It is while I stitch together the Queen's gown, on the night her eldest daughter is to die, that I first sense an uneasy power.
"On the eve of Princess
Sophia’s wedding, the Scandinavian city of Skyggehavn prepares to fete
the occasion with a sumptuous display of riches: brocade and satin and
jewels, feasts of sugar fruit and sweet spiced wine. Yet beneath the
veneer of celebration, a shiver of darkness creeps through the palace
halls. A mysterious illness plagues the royal family, threatening the
lives of the throne’s heirs, and a courtier’s wolfish hunger for the
king’s favors sets a devious plot in motion. Here in the palace
at Skyggehavn, things are seldom as they seem — and when a single errant
prick of a needle sets off a series of events that will alter the
course of history, the fates of seamstress Ava Bingen and mute nursemaid
Midi Sorte become irrevocably intertwined with that of mad Queen
Isabel. As they navigate a tangled web of palace intrigue, power-lust,
and deception, Ava and Midi must carve out their own survival any way
I'm still not quite sure what I think of this book; it's weird, and not very young adult-like at all. The writing is well crafted, but kind of flat as a whole. It's also super graphic and disgusting at times. I do know that the part I read didn't live up to my expectations; the plot sounded fascinating, and it seemed like it would be an engrossing read. Well, it was certainly gross. I gave the book about 80 pages before giving up. Parts of the book were intriguing, but ultimately I didn't have the patience for this long-winded novel. Perhaps if I'd stuck with it a bit longer, I would have been able to get into it.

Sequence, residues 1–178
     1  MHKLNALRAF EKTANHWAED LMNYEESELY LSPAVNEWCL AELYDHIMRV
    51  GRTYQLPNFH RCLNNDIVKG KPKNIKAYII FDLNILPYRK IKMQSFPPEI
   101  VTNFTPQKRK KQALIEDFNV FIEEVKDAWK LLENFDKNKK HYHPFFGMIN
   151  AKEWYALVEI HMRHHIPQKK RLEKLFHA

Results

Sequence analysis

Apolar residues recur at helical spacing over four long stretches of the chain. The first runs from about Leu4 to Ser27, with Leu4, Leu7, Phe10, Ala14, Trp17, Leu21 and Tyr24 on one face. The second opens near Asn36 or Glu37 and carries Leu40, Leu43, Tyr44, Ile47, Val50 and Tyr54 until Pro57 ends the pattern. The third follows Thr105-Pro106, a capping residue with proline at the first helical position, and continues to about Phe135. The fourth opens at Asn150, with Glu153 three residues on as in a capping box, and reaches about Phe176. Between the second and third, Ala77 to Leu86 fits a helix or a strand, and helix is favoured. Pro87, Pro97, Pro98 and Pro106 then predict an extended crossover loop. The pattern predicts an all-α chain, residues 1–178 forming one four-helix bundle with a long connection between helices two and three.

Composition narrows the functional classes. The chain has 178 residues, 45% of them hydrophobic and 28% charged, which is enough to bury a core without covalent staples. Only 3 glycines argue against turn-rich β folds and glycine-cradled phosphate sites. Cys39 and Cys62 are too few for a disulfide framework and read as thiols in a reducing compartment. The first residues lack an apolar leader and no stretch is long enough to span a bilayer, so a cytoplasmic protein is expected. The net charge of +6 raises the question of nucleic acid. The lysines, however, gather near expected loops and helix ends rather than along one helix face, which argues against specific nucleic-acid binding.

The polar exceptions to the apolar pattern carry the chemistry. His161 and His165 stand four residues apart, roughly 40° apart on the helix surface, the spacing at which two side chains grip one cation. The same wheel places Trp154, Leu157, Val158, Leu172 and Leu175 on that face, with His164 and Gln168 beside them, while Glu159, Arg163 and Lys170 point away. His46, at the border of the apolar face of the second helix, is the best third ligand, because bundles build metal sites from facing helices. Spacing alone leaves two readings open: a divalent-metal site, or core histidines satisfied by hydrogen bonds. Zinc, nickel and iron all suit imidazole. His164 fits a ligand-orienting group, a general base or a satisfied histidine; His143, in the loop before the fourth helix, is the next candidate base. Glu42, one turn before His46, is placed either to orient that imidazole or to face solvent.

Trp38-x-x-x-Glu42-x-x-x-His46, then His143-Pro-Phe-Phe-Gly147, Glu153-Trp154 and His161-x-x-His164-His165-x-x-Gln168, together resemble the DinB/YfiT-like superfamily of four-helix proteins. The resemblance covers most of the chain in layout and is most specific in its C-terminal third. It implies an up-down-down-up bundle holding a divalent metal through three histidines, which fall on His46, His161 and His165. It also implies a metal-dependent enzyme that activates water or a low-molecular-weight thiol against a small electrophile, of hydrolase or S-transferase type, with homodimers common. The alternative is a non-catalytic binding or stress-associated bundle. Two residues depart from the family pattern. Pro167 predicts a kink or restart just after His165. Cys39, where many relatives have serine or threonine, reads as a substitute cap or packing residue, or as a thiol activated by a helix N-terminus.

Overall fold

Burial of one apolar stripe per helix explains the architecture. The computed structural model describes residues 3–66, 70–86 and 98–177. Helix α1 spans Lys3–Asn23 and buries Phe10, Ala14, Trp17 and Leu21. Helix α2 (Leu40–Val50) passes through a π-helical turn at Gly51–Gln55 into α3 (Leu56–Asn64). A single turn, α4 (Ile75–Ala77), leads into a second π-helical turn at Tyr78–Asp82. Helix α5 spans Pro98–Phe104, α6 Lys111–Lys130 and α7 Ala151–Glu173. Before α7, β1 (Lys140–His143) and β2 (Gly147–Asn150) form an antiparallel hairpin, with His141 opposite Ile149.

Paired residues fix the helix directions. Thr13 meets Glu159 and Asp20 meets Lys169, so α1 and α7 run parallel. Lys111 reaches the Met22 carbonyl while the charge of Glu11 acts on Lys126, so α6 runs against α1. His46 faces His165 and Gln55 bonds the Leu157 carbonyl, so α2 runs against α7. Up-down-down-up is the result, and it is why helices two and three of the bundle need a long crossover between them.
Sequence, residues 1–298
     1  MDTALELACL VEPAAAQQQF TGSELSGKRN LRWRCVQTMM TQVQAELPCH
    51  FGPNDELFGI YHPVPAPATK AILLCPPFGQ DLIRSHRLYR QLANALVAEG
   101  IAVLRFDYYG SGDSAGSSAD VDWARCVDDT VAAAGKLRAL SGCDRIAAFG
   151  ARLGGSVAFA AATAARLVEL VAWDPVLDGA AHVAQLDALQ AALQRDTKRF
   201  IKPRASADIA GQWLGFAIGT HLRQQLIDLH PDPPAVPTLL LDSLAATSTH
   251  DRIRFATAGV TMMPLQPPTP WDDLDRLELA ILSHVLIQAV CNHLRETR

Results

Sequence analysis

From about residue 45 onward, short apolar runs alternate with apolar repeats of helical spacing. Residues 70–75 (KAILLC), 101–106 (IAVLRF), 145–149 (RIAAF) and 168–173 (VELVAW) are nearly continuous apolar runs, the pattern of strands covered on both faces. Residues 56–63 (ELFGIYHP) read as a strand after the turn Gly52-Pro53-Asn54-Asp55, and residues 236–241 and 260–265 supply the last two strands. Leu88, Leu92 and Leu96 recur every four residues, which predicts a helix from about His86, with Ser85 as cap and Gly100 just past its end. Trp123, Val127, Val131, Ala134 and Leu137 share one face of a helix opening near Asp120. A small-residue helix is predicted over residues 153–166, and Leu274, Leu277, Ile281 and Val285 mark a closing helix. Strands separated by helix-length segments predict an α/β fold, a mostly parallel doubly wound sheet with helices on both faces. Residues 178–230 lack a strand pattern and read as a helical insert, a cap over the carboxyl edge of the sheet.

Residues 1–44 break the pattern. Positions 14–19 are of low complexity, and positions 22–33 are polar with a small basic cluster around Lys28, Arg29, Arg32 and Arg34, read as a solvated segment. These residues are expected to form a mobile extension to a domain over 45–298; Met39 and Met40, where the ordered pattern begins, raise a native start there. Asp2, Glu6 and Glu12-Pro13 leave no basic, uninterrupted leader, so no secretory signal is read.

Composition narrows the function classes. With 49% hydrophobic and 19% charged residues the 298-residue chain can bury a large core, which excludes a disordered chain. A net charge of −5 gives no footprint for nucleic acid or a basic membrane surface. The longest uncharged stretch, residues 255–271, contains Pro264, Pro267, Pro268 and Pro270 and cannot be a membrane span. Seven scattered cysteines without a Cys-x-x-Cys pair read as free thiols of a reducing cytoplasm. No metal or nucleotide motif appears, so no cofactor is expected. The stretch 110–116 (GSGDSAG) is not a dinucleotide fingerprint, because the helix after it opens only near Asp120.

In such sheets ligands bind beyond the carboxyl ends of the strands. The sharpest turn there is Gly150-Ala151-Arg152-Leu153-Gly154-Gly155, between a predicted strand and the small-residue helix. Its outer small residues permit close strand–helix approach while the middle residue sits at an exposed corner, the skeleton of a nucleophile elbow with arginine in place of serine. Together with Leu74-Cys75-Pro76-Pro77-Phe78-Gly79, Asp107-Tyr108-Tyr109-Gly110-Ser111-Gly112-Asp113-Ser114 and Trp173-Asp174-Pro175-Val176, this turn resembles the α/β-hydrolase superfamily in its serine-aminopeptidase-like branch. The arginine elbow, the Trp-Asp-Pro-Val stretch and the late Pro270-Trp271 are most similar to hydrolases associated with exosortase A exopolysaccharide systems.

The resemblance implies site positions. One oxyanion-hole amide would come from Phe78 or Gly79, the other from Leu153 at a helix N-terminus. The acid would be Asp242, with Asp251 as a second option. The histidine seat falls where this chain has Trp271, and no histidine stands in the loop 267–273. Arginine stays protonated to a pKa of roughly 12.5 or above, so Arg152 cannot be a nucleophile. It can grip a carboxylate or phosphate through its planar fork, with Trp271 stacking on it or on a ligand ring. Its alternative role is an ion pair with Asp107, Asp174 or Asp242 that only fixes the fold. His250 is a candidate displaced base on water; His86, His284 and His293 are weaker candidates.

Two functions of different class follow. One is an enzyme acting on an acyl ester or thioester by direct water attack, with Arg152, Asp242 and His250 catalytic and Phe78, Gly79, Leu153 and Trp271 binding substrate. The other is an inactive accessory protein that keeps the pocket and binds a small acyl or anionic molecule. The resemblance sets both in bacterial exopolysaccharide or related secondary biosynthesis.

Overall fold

It's hard for me to pinpoint exactly what about this book was such a turn-off; although how graphic it was was part of it, there was more to my repulsion. There are a lot of simply disgusting descriptions in the book, and the provided summary creates a vastly different impression of the book's tone. I'm happy that the author didn't shirk from talking about some pretty awful things that do actually happen to people; there was just too much, and the story itself wasn't that interesting to me. The marketing was slightly deceptive too.
Ultimately, it wasn't the horrific things that happened in the book, but the style and the slowness of the pace which made me put it down. Maybe it picks up further along, but I wasn't in the mood to read more pages of boring, if gruesome writing. It's a shame too, because I thought I would really like the book. But I didn't, and that's that. I normally like dark fairy tales and fables, but not in this case. The Kingdom of Little Wounds just didn't work for me. I may try again sometime, but I doubt it.
I received an ARC from Candlewick.